A kangaroo court is a judicial tribunal or assembly that blatantly disregards recognized standards of law or justice, and often carries little or no official standing in the territory within which it resides. The term may also apply to a court held by a legitimate judicial authority who intentionally disregards the court's legal or ethical obligations.
A kangaroo court is often held to give the appearance of a fair and just trial, even though the verdict has in reality already been decided before the trial has begun. This could be because of the biases of the decision-maker, or because the structure and operation of the forum result in an inferior brand of adjudication. A common example of this is when institutional disputants ("repeat players") have excessive and unfair structural advantages over individual disputants ("one-shot players").
Although the term kangaroo court has been erroneously explained to have its origin from Australia's courts while it was a penal colony, the first published instance is from an American source in the year 1853. Some sources suggest that it may have been popularized during the California Gold Rush of 1849, along with mustang court, as a description of the hastily carried-out proceedings used to deal with the issue of claim jumping miners. Ostensibly the term comes from the notion of justice proceeding "by leaps", like a kangaroo – in other words, "jumping over" (intentionally ignoring) evidence that would be in favour of the defendant. Another possibility is that the phrase could refer to the pouch of a kangaroo, meaning the court is in someone's pocket. The phrase is popular in the UK, US, Australia and New Zealand and is still in common use.
As informal proceedings in sports
The term is sometimes used without any negative connotation. For example, many Major League Baseball teams have a kangaroo court to punish players for errors and other mistakes on the field, as well as for being late for a game or practice, not wearing proper attire to road games, or having a messy locker in the clubhouse. Fines are allotted, and at the end of the year, the money collected is given to charity. The organization may also use the money for a team party at the end of the season.
Some examples of adjudication venues described as kangaroo courts are the People's Court (Volksgerichtshof) that convicted people who were suspected of being involved with the failed plot to assassinate Hitler on July 20, 1944, hospital peer review, and the Detention, Treatment, and Trial of Certain Non-Citizens in the War Against Terrorism military tribunals.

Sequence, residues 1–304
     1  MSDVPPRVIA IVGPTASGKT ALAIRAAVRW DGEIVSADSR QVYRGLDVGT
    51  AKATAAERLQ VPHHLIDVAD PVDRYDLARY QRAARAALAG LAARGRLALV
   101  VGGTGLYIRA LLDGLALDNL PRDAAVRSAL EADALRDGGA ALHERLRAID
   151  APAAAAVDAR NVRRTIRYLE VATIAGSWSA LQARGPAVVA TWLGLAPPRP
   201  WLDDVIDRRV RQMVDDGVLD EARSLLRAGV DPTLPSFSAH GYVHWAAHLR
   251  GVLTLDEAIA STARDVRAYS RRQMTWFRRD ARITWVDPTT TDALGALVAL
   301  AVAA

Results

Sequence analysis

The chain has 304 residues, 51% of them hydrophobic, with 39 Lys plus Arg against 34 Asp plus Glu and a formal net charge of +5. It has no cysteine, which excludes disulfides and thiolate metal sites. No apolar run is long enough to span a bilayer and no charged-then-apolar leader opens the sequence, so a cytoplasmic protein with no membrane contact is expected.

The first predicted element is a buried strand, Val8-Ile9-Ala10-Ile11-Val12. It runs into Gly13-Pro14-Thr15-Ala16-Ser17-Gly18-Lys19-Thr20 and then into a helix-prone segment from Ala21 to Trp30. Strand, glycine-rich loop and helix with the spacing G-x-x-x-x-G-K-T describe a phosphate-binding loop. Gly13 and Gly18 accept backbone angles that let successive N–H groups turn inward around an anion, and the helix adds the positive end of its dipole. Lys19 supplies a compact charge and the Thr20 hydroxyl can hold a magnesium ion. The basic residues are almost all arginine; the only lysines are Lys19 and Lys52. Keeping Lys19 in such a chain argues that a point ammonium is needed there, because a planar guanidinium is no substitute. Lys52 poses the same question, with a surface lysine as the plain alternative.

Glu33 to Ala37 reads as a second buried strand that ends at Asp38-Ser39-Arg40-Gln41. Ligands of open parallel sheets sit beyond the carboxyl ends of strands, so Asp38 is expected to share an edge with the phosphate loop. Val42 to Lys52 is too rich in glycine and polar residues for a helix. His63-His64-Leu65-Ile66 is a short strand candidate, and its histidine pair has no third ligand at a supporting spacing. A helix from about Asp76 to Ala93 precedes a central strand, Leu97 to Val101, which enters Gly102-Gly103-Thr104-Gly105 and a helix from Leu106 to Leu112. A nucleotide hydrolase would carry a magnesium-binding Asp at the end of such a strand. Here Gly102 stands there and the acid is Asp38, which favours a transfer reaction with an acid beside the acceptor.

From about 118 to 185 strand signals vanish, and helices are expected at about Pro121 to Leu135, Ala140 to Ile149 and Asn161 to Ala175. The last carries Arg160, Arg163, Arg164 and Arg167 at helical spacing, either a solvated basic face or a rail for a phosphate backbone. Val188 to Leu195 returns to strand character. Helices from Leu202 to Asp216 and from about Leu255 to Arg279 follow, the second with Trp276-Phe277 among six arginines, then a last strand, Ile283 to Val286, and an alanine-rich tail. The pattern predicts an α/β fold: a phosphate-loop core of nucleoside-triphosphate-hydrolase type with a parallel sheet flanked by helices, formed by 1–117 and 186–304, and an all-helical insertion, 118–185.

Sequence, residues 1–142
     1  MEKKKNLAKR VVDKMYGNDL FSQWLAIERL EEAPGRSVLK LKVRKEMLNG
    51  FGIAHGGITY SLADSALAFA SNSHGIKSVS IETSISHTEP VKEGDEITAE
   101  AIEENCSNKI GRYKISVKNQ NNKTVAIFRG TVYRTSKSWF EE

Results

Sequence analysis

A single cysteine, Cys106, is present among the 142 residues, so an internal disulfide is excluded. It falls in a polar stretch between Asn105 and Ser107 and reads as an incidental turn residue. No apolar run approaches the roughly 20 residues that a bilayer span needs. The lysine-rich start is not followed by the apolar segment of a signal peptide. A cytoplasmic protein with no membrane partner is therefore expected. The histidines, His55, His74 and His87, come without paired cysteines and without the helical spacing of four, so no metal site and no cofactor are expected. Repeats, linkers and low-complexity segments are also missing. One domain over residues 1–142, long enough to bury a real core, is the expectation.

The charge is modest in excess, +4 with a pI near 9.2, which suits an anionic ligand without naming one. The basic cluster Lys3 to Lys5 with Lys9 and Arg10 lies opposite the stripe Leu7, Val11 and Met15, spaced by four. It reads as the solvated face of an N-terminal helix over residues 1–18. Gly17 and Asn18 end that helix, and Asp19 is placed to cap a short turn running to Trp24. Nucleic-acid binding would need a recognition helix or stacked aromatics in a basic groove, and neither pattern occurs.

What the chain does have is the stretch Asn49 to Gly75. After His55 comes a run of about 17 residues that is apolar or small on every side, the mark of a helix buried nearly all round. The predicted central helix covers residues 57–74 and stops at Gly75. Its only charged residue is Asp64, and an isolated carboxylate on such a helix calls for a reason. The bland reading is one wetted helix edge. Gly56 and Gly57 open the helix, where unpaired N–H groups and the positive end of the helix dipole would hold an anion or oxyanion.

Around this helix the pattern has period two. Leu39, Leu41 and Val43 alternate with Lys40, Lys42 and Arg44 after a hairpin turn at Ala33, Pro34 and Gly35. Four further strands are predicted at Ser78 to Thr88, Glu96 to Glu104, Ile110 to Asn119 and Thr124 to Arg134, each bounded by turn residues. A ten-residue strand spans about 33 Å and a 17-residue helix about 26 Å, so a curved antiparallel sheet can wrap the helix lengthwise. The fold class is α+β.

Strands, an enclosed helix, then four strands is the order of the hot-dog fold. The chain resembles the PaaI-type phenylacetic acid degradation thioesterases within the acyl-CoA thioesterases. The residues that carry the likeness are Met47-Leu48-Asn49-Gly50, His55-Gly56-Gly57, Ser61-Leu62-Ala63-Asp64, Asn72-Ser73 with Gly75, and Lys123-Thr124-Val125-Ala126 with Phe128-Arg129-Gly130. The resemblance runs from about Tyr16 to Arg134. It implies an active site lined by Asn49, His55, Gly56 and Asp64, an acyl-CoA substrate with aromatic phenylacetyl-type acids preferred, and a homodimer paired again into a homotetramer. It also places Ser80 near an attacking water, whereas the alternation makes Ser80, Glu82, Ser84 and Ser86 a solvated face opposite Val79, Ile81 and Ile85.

In People v. Zackery, Judge K. Peter Saiers stated, in response to a prosecutor who declined to illegally dismiss a count, "Oh that's right. You can't offend the kangaroos up there in kangaroo court." The appeals court, assuming he was talking about them, accused him of violating judicial ethics and wrote, "It would appear that, in his eyes, this court was a naive, ivory-tower, obstructionist, oblivious to the real-world problems of trial courts faced with staggering caseloads. . . . . It is more expensive to do things twice than to do them once correctly. The truth of the matter is that Judge K. Peter Saiers has wasted taxpayers' dollars."
- "kangaroo court". Merriam-Webster Dictionary. Retrieved 2011-11-11.
- Stempel, Jeffrey W. 8 Nev. L.J. 251 (2007-2008) Keeping Arbitrations from becoming Kangaroo Courts
- Adams, Cecil. "What's the origin of "kangaroo court"? Is "kangaroo" aborigine for "I don't know"?". The Straight Dope. Retrieved 1 October 2012.
- "kangaroo court". Oxford English Dictionary.
- "Kangaroo Court". Etymology Online.
- "Minor League Baseball In this court most anything goes". The Bulletin.
- "Kangaroo Court". Legal Dictionary.
- Bouton, Jim (1990). Ball Four (2nd ed.). Wiley. ISBN 0-02-030665-2.
- Med Econ. 2000 Feb 7;77(3):133-6, 141. Hospital peer review is a kangaroo court. Townend DW. PMID 10848200
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